'Educate them': Doctor blasts AFL players over 'disgraceful' act amid crisis

A leading doctor has blasted AFL players for sharing water bottles amid the coronavirus pandemic.

The AFL were already under fire for going ahead with the start of their season on Thursday night amid the crisis, with many believing it’s a bad look when the rest of society is under strict measures to stop the spread of the virus.

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So it was particularly grating when Richmond and Carlton players were seen shaking hands and sharing water bottles during the game at the MCG - two massive no-no’s amid the crisis.

Richmond players, pictured here leaving the ground after their win over Carlton.
Richmond players leave the ground after their win over Carlton. (Photo by Dylan Burns/AFL Photos via Getty Images)

The players squirted the water into their mouths rather than put their lips on the bottle.

But Dr Peter Larkins still couldn’t believe what he was seeing.

“Can someone please educate afl players on the safe use of water bottles,” the leading sports physician and media personality wrote on Twitter.

“Disgraceful example to community & kids! #poorhygieneexample.”

Players still shake hands

There was also confusion about why the players still shook hands after the game.

“The guidelines were no handshaking and no hugging. Now if we want to continue to play and be an example to the rest of the public, the players need to follow those guidelines as well after the game,” former premiership player Adam Ramanauskas told ABC Grandstand.

“Yep go and talk to each other and do what you have to, but a number of guys there were slapping hands and giving each other a hug and the like.

“Let’s continue to be leaders in the community and follow the guidelines that are recommended. The players aren’t exempt from that either.”

Collingwood president Eddie McGuire said the critics needed to “settle down”, while veteran reporter Jon Ralph said it was “probably not ideal, but we’ll recalibrate.”

Tom Lynch and Lachie Plowman, pictured here shaking hands after the match.
Tom Lynch and Lachie Plowman shake hands after the match. (Photo by Michael Willson/AFL Photos via Getty Images)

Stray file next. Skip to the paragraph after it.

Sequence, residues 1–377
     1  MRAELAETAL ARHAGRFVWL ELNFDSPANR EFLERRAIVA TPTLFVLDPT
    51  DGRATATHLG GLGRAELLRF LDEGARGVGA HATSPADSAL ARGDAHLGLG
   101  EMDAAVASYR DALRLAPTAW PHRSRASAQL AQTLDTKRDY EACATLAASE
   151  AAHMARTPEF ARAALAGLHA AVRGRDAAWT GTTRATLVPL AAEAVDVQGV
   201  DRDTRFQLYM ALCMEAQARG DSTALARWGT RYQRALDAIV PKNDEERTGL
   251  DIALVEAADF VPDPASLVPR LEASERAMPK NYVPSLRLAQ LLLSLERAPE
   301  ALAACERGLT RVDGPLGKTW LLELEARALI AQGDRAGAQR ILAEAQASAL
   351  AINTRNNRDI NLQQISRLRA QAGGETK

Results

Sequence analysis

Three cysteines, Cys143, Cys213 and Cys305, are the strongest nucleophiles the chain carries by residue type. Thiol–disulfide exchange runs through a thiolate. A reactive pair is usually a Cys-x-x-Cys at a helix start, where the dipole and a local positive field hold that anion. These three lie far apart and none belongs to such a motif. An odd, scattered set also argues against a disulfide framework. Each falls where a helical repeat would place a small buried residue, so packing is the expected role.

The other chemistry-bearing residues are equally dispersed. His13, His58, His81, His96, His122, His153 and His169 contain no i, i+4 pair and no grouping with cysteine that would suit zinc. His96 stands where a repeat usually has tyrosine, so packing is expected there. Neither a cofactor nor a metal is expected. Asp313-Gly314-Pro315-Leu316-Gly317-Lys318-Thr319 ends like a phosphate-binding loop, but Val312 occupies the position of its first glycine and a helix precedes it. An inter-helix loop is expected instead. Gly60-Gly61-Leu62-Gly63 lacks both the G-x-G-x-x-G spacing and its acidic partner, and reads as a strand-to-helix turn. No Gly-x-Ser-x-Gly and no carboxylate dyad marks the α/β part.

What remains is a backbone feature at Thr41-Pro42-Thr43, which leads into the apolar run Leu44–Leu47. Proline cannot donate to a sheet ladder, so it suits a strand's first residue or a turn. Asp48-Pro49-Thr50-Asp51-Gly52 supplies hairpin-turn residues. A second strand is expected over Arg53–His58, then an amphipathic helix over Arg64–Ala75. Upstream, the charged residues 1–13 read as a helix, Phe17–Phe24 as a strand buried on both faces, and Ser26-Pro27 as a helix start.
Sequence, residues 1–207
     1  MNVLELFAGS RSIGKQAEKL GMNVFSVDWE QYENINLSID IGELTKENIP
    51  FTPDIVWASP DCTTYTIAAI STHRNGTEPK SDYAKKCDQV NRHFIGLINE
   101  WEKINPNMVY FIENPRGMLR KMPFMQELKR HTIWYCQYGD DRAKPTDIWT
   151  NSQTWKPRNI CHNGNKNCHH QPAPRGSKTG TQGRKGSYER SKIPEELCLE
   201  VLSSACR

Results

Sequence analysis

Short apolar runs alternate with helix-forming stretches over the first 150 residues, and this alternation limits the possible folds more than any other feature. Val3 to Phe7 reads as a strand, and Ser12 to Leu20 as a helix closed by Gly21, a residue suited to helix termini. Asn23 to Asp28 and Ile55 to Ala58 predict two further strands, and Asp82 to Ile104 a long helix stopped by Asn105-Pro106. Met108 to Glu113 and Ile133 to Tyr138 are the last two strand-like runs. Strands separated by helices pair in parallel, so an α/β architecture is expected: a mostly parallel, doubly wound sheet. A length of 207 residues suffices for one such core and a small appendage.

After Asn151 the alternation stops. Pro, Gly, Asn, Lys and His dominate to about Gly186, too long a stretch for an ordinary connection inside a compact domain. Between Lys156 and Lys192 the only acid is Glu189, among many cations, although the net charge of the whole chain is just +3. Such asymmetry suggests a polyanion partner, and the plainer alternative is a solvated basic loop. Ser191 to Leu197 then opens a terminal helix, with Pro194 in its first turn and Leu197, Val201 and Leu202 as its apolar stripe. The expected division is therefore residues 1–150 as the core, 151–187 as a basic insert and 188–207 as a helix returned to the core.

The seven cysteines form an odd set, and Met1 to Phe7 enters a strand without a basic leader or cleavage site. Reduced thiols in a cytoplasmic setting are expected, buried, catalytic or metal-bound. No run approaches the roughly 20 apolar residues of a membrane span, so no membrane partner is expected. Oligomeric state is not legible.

“The players aren’t at fault with that and if a warning has to go out to them … but we can quickly move on from that sort of stuff,” Ralph told Fox Footy.

Richmond player David Astbury said the players hadn’t received a directive to avoid unnecessary contact.

“It’s probably a habit, but at the end of the day we were playing a contact sport and touching everyone anyway. We weren’t advised not to do it, but we might look at it going forward,” Astbury told AFL Nation after the game.

Teammate Dylan Grimes told ABC Grandstand: “When you consider we’ve been tackling each other and sweating all over each other and bumping into each other all game, shaking hands at the end, I think, is the least of our worries.”

The AFL season, pictured here starting behind closed doors at the MCG.
The AFL season started behind closed doors at the MCG. (Photo by Dylan Burns/AFL Photos via Getty Images)

Tigers outlast Blues in eerie scenes

So much is different about the world and the AFL in 2020, but at least one thing has stayed the same as Richmond launched their season with a win over Carlton.

In an eerily empty MCG due to coronavirus restrictions, the Tigers made it 10 wins in a row against the Blues, kicking off the AFL season with a 16.9 (105) to 12.9 (81) victory.

But in David Teague's first game as full-time coach, Carlton showed plenty of promise.

Having lost ruckman Matthew Kreuzer to a foot injury in the first quarter, the Blues trailed by a game-high 50 points in the third quarter.

But star recruit Jack Martin kicked four goals in the third term as the Blues kicked seven of eight goals to slice the margin to 15 points in the last quarter before the Tigers steadied.

“You give away eight free kick goals and that keeps sides in the game,” Damien Hardwick said.

“The fact of the matter was that I thought we were undisciplined, I thought we gave away cheap frees that ended up in easy goals.”

with AAP